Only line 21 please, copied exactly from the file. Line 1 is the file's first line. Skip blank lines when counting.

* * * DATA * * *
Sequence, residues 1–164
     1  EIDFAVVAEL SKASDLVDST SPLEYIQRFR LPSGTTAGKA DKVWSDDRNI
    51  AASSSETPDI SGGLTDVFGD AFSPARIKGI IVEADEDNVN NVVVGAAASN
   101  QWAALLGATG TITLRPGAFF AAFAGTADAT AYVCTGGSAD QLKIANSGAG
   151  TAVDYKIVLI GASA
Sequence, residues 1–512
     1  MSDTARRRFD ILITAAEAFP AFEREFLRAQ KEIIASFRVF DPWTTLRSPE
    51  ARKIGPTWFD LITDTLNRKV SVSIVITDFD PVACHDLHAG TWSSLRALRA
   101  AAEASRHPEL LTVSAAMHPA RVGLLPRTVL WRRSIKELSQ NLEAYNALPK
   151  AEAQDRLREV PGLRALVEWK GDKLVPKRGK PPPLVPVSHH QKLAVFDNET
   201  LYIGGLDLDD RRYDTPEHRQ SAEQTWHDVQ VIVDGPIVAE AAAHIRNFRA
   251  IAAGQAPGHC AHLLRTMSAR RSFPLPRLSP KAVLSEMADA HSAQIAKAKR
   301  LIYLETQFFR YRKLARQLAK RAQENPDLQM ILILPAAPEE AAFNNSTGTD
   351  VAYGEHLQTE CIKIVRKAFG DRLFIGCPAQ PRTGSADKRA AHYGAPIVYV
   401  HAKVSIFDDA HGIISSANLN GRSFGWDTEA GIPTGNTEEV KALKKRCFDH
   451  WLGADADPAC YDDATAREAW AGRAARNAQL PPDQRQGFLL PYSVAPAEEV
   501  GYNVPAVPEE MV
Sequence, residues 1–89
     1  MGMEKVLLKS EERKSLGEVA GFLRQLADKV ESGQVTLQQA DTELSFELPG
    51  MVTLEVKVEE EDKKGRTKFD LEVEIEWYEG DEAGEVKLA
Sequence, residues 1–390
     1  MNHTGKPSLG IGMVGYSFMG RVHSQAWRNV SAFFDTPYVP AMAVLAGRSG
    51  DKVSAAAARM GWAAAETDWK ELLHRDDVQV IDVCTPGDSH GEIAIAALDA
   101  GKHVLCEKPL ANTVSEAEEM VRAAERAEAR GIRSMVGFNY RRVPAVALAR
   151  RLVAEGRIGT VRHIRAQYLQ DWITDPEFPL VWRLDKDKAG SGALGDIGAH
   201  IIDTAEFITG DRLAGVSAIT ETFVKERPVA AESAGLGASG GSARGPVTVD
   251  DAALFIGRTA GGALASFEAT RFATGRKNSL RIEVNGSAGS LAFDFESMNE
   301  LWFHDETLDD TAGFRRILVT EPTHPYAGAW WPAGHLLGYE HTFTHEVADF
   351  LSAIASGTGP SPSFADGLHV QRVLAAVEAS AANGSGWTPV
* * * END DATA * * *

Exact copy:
Sequence, residues 1–390